Thursday, January 8, 2009
A new video from The Onion about the way we eat. If it were any more true, it would be true.
New Wearable Feedbags Let Americans Eat More, Move Less
Perhaps the only downside to locally raised meat is that much of it comes frozen. Unless you're vegetarian, in which case it's nothing but downsides.
Personally, I'd rather get my protein from a happy local cow than a soybean grown in Iowa. But this doesn't mean that I possess the forethought to thaw said cow before wanting to eat it. Hence the above photo, which captures my effort to simultaneously thaw and brown a frozen block of ground beef.
Actually, it worked. When one side of the meat-ice was done to my liking, I'd flip it and do the same to the B-side while using the spatula to shave off the finished portion. I continued doing so until the block had disappeared, at which point I turned up the heat, cooking off any remaining water and giving the meat a final toast. This served as the basis for a sauce to go with leftover (and also frozen) lasagna noodles. It was great, it was hearty, and it was local.
If you really want to eat seasonally in the winter, eat food that's as frozen as the hard, cold earth.
Tuesday, January 6, 2009
In damp, cold, snowy weather, a hot, crusty, kimchee pancake seems like the perfect food. It also makes sense seasonally, since this is the time of year when fermented veggies are the only kind available, excluding root vegetables and Chilean green beans.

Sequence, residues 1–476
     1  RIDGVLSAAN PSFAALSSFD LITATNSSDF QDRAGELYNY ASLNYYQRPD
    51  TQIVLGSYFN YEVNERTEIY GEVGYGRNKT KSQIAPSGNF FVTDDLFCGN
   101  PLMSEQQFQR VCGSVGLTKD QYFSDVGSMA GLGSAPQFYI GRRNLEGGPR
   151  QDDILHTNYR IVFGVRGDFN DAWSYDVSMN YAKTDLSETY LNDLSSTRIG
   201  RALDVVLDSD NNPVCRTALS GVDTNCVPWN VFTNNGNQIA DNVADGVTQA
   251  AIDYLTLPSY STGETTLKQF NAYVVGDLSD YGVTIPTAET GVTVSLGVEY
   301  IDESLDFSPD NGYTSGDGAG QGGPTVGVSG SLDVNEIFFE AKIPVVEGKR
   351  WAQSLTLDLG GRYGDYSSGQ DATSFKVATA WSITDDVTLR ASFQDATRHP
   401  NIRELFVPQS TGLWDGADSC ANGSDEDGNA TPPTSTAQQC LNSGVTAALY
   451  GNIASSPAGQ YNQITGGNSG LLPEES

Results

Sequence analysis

A pajeon is also a good way to use up kimchee if you've got more than you can handle. I've started buying mine at Little Pusan, our local Korean restaurant and home of the best food in town. When I realized that they sold their excellent homemade kimchee in bulk, I had the following conversation with the owner, a charmingly opinionated woman:
Me: What size does the kimchee come in?
Her: Eight-fifty, six dollar, twelve.
Me: I'll take an eight-fifty.
(She disappears into the kitchen, returning with a five pound jar.)
Me: Whoah, that's a lot of kimchee!
Her: Not a lot.
Me: How long will it last?
Her: (Huff!) Three month. Six month.
It lasted me about one month, which helps me structure my visits to the restaurant. I always want to eat there, but don't want to get to a place where I lose interest or take it for granted. But now when the jar runs out, I know that it's time to go back for a meal and a reload.
I'd include my recipe but it's not quite there yet. I basically mixed kimchee with an egg and enough flour to bind, then fried it in hot oil. That wasn't bad, but see Wandering Chopsticks for a little more precision.
Monday, January 5, 2009